Covid-19 can cause your muscles to SWELL by more than 60%, study reveals
- Experts took biopsies from 18 patients to see the impact of Covid-19 on muscles
- They found that four of them had seen muscles swell ‘massively’ over normal
- Discovering the symptom in Covid-19 patients ‘stunned’ the study researchers
- This is because muscle shrinkage is more common in critically ill patients
Muscles can swell in size by up to 60 per cent in some Covid-19 patients, according to researchers, who say it may be a severe immune response.
The immune response to Covid-19 damages mitochondria, the power stations of cells, leading to a loss of energy fuels which builds up water, which in tern causes the muscles to swell, according to the team from Jessa Hospital in Hassalt, Belgium.
Discovering the symptom ‘stunned’ the researchers, who say muscle shrinkage is a more common complication among critically ill patients.
They took biopsies from 18 Covid-19 patients, and found that the muscles of four had increased ‘massively’, over normal levels, however this was not the case for all 18.
Lead author, Dr Toon Mostien, says this type of swelling can lead to muscle fibres dying, but the increase in size was likely only a temporary symptom.
Muscles can swell in size by up to 60 per cent in some Covid-19 patients, according to researchers, who say it may be a severe immune response
They found that one type of muscle fibre had swollen by 62 per cent, another by 32 per cent – both support endurance activities and quick, powerful movements.
If those who bucked the trend were excluded from the calculations, the remaining patients showed significant muscle wastage.
Dr Mostein said: ‘Type I fibres shrank by eleven per cent and type 2 by 17 per cent.’
Tissue from the vastus lateralis was collected up to three days before and five to eight days after admission. It is the largest and most powerful muscle in the thigh.
The average age of the participants was 69 and the majority were men.
It isn’t known why the muscle fibres increased in size in four of the patients but one possibility is that their immune response to Covid damaged their mitochondria, the tiny structures that provide cells with energy.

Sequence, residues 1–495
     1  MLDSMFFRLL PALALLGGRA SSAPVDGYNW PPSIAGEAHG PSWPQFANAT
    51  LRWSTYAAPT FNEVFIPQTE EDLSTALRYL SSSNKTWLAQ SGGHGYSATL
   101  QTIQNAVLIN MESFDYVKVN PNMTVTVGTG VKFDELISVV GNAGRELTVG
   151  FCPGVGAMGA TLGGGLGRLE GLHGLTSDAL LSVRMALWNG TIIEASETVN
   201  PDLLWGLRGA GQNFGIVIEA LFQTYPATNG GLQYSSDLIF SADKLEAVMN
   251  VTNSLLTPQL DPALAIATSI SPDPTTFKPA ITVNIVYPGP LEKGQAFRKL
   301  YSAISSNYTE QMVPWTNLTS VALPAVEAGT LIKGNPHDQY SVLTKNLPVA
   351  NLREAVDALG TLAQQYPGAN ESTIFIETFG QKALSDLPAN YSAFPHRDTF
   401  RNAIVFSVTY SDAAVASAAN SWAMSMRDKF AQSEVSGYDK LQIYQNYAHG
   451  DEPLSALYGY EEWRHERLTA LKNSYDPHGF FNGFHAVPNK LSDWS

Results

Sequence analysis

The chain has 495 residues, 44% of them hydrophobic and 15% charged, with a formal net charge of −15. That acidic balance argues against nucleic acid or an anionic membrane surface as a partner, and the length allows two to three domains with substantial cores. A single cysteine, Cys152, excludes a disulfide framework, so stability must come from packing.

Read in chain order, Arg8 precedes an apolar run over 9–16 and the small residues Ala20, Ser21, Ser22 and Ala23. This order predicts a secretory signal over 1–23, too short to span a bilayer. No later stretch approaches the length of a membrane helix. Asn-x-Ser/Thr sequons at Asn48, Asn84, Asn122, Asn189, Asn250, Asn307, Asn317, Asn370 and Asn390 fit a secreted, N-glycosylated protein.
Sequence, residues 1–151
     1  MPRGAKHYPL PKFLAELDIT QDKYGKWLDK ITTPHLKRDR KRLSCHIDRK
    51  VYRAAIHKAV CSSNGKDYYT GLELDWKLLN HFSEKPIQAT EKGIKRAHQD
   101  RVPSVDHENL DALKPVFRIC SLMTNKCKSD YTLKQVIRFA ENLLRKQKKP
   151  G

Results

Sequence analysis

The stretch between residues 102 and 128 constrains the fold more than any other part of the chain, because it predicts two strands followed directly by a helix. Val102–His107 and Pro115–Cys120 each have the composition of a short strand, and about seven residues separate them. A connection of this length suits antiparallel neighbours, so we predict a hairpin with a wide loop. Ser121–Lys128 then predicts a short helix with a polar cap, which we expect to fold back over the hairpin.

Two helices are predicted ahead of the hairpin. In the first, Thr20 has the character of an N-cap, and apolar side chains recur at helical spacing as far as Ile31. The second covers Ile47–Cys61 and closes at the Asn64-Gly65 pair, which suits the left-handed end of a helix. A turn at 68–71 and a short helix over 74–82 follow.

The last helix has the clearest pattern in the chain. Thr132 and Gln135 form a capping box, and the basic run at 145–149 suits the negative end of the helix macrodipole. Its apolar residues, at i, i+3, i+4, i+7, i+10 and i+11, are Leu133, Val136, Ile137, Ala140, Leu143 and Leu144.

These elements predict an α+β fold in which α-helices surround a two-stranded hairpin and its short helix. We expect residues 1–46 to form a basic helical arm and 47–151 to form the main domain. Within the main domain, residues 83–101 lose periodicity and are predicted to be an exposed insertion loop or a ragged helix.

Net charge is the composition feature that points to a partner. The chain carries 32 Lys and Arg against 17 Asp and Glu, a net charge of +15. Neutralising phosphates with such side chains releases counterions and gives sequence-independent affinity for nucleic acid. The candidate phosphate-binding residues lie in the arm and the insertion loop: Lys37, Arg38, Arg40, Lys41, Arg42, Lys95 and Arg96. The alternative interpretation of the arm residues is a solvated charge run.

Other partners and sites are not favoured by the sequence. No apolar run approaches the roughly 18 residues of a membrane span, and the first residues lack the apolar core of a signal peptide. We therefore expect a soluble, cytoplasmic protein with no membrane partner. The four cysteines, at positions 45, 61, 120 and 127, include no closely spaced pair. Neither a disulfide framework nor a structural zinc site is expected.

Samples were scanned under the microscope for any changes that had occurred during the first week in intensive care.
Bed rest and mechanical ventilation often leads to muscle wastage, which can hamper recovery and affect both mobility and quality of life.
Previous research has shown fibres reduce by almost a fifth after a week in ICU. It was feared Covid-19 causes even greater damage.
The immune response to Covid-19 damages mitochondria, the power stations of cells, leading to a loss of energy fuels which builds up water, which in tern causes the muscles to swell, according to the team from Jessa Hospital in Hassalt, Belgium
The researchers found the number of capillaries supplying type I and II fibres with oxygen and nutrients fell by five and ten per cent, respectively.
Dr Mostien said: ‘Although the results were not significant, a drop in perfusion of 10 per cent could potentially contribute to muscle fibre destruction.’
‘There are concerns immune response to Covid can exacerbate muscle wastage,’ he said, adding that ‘it means critically ill Covid patients experience more severe muscle damage than the general ICU population.
‘Given the global burden of Covid-19 it is vital we learn more about this. Our research is an important first step.’
The study was presented at Euroanaesthesia, a virtual meeting of the European Society of Anaesthesiology and Intensive Care.
HOW MUSCLES WORK
Muscles form an intricate network of sinews throughout the body of animals.
They respond to electrical stimulation which is carried from the brain to the muscle via nerves.
There are different types of muscle, which are often made of different types of tissue.
For example, the heart, which never stops beating, is made of a different material to skeletal muscle.
Skeletal muscle is attached to one end of a bone. It stretches all the way across a joint (the place where two bones meet) and then attaches again to another bone.
Skeletal muscles are held to the bones with tendons.
Once the electrical signal reaches the muscle it triggers a contraction.
This is done by two types of protein overlapping and working against each other.
A thick filament composed of the protein myosin and a thin filament composed of the protein actin.
Muscle contraction occurs when these filaments slide over one another in a series of repetitive events.